September 29, 2015
Within the grounds of the papal activities this past weekend, hotels did well but other businesses suffered, according to a new report from Philadelphia's City Controller's office.
The report, released Tuesday, surveyed several retailers, restaurants, and hotels that were inside the area where the festivities were taking place.
Overall, the report says that economic activity was around less than half of what it is for a normal weekend.
Hotels seemingly did fine, with an average 88 percent occupancy rate compared to a typical weekend.
Yet retail stores and eateries reported faring much worse, saying they experienced 21 and 45 percent of activity, respectively, compared to normal.
The residual effects, according to City Controller Alan Butkovitz, were overstaffing and an overstocking of supplies which were not ultimately needed.
“Businesses stated that the event could have been a much greater street party than just the immediate area on the Parkway,” Butkovitz said in a statement accompanying the report.
Butkovitz also said that the World Meeting of Family's estimated $500 million economic impact may not have been reached considering the responses his office received.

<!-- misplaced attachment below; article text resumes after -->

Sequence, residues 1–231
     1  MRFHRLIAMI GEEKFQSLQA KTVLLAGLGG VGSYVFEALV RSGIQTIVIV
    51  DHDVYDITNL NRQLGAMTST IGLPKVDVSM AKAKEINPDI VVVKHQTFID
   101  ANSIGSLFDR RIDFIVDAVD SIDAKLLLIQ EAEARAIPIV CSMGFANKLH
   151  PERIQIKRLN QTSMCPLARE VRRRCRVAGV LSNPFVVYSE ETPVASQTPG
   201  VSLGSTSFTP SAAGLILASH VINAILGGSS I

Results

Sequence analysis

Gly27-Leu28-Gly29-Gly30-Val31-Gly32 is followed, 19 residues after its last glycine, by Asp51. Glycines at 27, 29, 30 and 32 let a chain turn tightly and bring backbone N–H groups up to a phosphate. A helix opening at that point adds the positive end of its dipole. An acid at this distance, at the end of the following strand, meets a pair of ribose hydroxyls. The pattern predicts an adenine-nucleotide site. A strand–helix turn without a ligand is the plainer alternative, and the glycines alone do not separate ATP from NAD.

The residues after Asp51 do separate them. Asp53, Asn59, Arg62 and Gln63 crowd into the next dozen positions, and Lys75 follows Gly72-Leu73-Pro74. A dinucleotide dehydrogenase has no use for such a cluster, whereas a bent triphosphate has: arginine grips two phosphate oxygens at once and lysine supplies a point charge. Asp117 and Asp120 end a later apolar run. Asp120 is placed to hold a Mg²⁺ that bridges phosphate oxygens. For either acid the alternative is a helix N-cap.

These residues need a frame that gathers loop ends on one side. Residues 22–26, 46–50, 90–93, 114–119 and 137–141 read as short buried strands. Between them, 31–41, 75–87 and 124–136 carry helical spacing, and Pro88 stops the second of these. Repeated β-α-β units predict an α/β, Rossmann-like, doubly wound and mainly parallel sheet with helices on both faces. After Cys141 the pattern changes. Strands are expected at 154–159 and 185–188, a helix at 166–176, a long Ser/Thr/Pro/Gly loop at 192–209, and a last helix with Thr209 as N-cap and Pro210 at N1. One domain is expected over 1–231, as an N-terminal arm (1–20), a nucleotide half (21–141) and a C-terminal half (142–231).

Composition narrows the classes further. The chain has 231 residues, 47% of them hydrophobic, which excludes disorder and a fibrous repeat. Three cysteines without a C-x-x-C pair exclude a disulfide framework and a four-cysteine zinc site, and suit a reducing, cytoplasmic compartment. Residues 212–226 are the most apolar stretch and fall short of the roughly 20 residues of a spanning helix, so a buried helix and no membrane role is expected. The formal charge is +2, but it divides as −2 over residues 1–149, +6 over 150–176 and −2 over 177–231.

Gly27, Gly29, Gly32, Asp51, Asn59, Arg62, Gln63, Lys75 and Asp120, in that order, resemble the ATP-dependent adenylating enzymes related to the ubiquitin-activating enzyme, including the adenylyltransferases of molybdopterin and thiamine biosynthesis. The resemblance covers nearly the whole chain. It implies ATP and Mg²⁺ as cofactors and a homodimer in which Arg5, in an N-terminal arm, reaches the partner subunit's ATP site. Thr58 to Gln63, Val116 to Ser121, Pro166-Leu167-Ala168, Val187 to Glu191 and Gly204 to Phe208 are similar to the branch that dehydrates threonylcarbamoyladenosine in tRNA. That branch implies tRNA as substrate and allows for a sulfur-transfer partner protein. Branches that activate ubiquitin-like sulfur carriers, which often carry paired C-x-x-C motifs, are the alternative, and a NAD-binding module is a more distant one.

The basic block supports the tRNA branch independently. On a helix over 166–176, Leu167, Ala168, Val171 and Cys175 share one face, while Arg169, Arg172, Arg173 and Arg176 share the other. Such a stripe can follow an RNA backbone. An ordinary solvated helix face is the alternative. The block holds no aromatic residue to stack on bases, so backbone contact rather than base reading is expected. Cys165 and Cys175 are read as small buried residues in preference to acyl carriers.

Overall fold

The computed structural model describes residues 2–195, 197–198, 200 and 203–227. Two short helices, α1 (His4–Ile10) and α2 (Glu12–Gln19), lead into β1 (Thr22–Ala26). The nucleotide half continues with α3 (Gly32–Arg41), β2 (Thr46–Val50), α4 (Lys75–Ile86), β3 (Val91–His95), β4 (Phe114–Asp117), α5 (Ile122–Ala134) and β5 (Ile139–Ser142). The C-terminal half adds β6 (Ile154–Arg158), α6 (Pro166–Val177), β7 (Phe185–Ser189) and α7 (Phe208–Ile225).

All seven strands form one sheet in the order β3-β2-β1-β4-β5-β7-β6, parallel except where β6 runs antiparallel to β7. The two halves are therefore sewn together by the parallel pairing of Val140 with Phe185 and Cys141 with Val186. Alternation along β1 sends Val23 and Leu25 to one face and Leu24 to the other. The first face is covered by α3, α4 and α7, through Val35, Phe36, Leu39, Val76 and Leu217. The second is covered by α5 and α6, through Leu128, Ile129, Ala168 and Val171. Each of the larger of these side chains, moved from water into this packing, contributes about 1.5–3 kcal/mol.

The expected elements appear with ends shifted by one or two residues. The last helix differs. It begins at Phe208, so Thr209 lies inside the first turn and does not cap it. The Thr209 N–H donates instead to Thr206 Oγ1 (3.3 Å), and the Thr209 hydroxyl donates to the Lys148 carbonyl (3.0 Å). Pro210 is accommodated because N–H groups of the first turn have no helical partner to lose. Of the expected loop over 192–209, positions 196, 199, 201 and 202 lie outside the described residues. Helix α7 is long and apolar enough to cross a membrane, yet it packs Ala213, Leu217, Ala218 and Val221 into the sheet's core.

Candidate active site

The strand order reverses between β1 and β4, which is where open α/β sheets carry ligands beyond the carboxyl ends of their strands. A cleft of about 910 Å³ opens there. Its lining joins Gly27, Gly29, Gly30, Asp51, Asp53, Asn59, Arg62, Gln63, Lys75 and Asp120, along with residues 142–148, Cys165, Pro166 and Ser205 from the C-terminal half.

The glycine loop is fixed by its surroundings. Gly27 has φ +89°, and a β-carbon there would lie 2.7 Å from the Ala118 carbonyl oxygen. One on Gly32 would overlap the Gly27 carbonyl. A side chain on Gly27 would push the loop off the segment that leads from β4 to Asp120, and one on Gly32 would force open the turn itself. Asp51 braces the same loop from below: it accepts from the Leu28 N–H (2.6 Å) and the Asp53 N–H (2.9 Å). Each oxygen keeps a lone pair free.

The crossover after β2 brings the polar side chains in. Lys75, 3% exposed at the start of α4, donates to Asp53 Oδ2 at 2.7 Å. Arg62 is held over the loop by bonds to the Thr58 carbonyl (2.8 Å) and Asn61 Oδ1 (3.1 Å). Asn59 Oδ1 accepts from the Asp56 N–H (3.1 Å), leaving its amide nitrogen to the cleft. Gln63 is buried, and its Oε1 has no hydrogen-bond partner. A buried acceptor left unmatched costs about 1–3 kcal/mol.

The survey asked 19 restaurants, 15 retailers, and 7 hotels for their input. The report noted, however, that only 9 restaurants provided hard data, while the other 10 simply said they had below normal sales.
The full report can be read here.
Many Center City establishments were virtually empty during the weekend, prompting criticism from several high-profile restauranteurs about the security measures taken for the event.
Conversely, Mayor Michael Nutter declared the pontiff's visit a success, applauding the city's handling of the festivities.
When asked about the intense precautionary measures, and if they might have impacted turnout, he partly blamed the media's reporting on scaring some away but also acknowledged his office "can always do a better job."